Property Settlement

At the end of a relationship or marriage, the property of the parties may need to be adjusted between them to reflect contributions made by each during the relationship, taking into account each of their likely future circumstances. Property taken into consideration may include real estate, shares, savings, cars, business assets and superannuation.

This can be a challenging task if people can’t reach an agreement about the division. If negotiations are unsuccessful, the Family Law Courts have power to alter the interests of each party in property they own. There are a range of matters which the Court must consider before making an order adjusting the property interests of the parties, including:

  • Financial contributions – whether direct or indirect, to the purchase, upkeep or enhancement of an asset.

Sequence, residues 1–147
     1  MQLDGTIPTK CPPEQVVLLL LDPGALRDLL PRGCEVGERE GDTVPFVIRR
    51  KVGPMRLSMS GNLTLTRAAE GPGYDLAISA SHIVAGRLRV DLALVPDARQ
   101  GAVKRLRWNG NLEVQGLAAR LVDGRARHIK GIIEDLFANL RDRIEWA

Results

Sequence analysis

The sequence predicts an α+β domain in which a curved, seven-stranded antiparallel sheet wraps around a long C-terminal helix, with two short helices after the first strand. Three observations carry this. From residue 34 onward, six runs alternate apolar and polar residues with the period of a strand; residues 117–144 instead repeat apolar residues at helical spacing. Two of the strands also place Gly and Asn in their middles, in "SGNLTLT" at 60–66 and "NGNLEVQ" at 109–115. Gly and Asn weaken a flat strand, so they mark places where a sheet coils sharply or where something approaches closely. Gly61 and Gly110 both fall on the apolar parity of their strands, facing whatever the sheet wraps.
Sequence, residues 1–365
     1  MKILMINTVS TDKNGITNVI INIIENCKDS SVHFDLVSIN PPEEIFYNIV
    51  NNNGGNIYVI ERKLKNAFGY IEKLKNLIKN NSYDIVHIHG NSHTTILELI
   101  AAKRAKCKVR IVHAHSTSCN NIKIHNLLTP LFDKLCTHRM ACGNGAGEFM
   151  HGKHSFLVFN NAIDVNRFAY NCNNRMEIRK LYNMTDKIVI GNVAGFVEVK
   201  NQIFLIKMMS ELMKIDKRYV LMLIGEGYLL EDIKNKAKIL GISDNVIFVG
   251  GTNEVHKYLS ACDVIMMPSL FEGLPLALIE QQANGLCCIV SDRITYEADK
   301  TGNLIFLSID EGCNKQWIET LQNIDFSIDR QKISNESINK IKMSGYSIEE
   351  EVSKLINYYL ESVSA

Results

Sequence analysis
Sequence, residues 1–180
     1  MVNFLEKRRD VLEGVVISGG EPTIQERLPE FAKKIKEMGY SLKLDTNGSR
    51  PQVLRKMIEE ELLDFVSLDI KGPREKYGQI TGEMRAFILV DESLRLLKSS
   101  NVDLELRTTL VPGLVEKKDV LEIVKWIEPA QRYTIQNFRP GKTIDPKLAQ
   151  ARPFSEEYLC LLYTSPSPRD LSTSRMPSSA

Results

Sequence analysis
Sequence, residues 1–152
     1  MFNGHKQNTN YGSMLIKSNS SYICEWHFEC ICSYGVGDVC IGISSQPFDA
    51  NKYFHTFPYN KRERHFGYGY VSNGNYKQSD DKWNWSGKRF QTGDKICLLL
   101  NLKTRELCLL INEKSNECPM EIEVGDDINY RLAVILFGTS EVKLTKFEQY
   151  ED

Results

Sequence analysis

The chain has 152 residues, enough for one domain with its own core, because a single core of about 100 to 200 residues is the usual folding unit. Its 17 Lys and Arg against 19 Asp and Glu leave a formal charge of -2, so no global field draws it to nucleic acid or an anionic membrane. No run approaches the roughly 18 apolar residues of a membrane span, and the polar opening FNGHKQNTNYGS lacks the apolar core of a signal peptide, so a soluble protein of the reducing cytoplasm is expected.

• Non-financial contributions – to the acquisition, conservation or improvement of property;
  • Contributions to the welfare of the parties or family – including contributions to the care and support of each other and as a parent;
  • Any impact upon the earning capacity of each party as a result of the proposed order;
  • Future considerations – including such things as the health of each party, their income and earning capacities and whether either has responsibility to care for or support a child;
  • Equity and fairness – whether in all the circumstances, the proposed order is “just and equitable”.

Each case is different and the determinations of the court are based upon many considerations. In addition, the discretion of the Judge is guided by previous decisions made by the courts. While it may seem alluring, there are serious risks associated with informal property settlements. Obtaining legal advice to understand and guard against those risks is essential.

Members of the DDCS team are specialists in property settlements, from drafting agreements to securing complex outcomes in court. We have extensive experience providing key insights into how the legal system operates in this field. Our specialists are both tenacious negotiators and strong litigators, making them an invaluable asset to your matter.